I further provide means for engaging one of the plungers or other moving part of the machine at the end of each movement to assure alignment of the various moving parts with the stationary parts. A horizontal arm 86 extends over the edge of the lower table (see Fig. 2) and engages one of the collars. This arm is connected to a vertical arm 81 which passes through an opening in the frame and through an aligned opening in an arm or bracket 88 mounted on the frame. Arm 81 is reciprocated by means of an arm 81 connected to the lower end of the arm 81 and carrying a roller 96 which rides on a cam 89 on the shaft 43. As the machine comes to a state of rest, the cam permits the arms 81 and 81 to lower to cause the arm 86 to come into the path of movement of the collar and prevent further rotation of the table. Prior to the next movement of the table, the arm 81 is lifted moving the arm 86 upwardly in the space between the tables and out of the path of the collar II. I also provide ka brake to assist in stopping the movement of the tables. As shown a bracket 9| is mounted on the frame of the machine and extends upwardly into proximity with the upper table. This bracket carries a plate 92 which is bored for the reception of studs 93 and the inner ends of the openings are enlarged as at 94 forming shoulders. A brake member 95 shaped to conform to the edge of the table is mounted on the studs and is normally pressed toward the table by springs 96 arranged in the enlarged end 94 of the bores and engaging the outer face of the brake plate 95.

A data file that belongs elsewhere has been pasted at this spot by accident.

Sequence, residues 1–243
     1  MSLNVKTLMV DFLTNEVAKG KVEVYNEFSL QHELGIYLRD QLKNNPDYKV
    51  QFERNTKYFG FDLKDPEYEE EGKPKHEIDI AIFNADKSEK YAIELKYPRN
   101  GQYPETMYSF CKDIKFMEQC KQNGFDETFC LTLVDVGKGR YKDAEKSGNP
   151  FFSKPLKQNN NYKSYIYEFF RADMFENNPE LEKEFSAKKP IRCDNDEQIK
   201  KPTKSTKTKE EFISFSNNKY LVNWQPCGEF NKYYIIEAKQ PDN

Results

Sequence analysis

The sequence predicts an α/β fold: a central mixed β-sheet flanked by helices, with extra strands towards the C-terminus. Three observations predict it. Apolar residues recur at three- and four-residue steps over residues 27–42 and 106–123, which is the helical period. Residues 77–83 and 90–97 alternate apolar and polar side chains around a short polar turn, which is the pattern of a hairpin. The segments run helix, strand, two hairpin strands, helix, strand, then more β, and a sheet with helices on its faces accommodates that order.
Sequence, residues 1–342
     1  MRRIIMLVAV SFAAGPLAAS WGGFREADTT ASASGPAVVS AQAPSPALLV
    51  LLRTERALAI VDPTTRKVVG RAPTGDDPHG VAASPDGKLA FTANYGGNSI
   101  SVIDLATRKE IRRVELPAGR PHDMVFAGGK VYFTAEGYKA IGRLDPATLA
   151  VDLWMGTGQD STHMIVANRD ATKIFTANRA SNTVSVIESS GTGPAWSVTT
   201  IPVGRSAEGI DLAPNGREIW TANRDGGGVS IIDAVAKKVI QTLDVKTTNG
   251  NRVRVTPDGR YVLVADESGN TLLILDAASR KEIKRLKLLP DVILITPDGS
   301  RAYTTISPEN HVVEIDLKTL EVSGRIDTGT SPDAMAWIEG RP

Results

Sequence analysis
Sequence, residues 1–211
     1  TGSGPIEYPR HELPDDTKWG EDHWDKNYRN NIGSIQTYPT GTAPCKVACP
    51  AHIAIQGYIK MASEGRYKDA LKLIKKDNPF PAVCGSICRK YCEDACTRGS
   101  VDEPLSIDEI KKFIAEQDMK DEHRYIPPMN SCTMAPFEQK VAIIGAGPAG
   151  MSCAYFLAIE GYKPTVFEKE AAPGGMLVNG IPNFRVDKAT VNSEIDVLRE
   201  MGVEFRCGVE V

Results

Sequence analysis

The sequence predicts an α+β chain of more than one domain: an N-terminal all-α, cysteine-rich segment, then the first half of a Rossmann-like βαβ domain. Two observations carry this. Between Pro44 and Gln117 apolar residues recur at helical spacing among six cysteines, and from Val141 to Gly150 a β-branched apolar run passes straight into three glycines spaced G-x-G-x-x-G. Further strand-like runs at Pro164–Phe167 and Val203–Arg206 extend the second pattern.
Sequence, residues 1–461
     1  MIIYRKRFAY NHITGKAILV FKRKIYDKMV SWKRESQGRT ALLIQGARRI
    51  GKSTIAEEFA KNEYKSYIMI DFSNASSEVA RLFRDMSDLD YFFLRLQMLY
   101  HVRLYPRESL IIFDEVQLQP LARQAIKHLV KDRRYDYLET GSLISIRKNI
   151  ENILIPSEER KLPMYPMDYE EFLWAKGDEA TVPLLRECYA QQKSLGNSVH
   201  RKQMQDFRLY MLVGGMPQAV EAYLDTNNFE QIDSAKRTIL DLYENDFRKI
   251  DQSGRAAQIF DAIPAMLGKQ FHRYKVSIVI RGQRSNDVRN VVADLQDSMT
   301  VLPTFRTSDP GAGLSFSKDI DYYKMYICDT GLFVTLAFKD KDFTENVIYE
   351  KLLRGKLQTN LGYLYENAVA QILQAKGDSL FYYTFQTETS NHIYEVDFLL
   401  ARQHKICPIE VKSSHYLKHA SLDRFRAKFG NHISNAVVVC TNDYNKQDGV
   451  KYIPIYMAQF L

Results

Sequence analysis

Operation of the valve 23 and control of the feed of the molten material from the delivery spout |1 is controlled by a cam 91 mounted on the shaft 43. This cam engages a pivoted arm 98 mounted in a bracket |09 on the frame of the machine and having its outer end connected to a vertical rod 99. Rod 99 extends upwardly through an opening in the frame and is pressed upwardly by a spring mounted between the frame and a collar |02 on the rod. Cam 91 may be provided with an adjustable portion ||0 to vary the period of operation of the rod 98 and thereby vary the time that the valve 23 is open. Adjacent the upper end of the rod 99 an arm or link |03 is connected to it, the arm or link having a forked end |04 (see Fig. l) which surrounds the rod and receives a pin which passes through the rod. This arm |03 is pivotally mounted in a bracket |95 carried by a plate |05 on the top of the container. Beyond its pivot it is received in a forked end |96 of the valve 23 and is secured thereto by means of a pin |06. A spring |01 is connected to the arm |03 adjacent its free end and the other end of the spring is secured to a pin |08 on the side of the container I6. It will be apparent that when the arm 99 is elevated, the end of the arm |03 which carries the valve 23 will be in a lowered position to close the valve. When arm 93 rides over cam 91, the arm 99 is depressed and the valve 23 is raised to the position shown in Fig. 3 of the drawings. Springs |0| and |01 therefore normally tend to retain the valve in closed position except when it is opened by action of the cam 91.